In the immediate term India must not lose any opportunity to integrate itself with China’s neighborhood in Asia. An opportunity is going to present itself in early July when the verdict for the Philippines’ arbitration case on the South China Sea comes out. India must utilize the opportunity to integrate itself with Southeast Asian nations and squarely back the rule of law and international norms. India must emphasize that the question of “due procedure,” used with great dexterity by China in Seoul, cannot be applied selectively.

It must also once and for all abandon the question of maintaining equal distance from the United States and China. As is evident, as a big, rising economy, India is unlikely to get concessions that China benevolently doles out to smaller players in the region. Under these circumstances, India must step up its cooperation with the United States. This does not necessarily mean losing its ability to make independent policy decisions – as the last decade and a half has demonstrated, the Indian establishment is capable of maintaining strategic autonomy in policymaking while stepping up engagement with the United States.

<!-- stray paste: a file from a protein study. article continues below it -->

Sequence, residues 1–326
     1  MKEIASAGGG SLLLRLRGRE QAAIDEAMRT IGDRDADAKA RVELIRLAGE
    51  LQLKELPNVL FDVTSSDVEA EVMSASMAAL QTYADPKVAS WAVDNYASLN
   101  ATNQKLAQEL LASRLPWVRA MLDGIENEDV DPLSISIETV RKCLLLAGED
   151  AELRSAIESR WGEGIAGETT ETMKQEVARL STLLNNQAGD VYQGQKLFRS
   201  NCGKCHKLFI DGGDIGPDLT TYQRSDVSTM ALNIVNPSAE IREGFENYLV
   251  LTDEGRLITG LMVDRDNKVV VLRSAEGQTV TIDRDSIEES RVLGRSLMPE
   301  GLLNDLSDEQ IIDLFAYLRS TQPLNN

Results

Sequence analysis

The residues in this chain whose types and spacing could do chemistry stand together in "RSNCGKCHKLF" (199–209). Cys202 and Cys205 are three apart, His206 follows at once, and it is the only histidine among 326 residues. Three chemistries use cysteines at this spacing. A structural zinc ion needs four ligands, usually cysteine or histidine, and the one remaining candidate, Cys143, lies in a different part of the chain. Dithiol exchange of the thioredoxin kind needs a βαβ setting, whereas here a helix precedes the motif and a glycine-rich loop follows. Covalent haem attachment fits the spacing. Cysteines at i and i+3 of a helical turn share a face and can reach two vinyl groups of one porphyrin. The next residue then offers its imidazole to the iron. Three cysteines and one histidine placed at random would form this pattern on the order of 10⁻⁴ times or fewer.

While the NSG plenary meeting was underway, the Indian finance minister was in Beijing seeking Chinese investment. Established processes like this, including the functioning of frameworks set in place for issues like trade or border management, must continue seamlessly. Simultaneously though, India can start remedying its vast trade deficit by introducing non-tariff barriers against unimportant items, and gradually expanding the list. It can instead ramp up Chinese investment in the country in big projects, such as in the infrastructure sector, developing leverage in the process by tying them to Chinese support for India on important international issues.

The Medium Term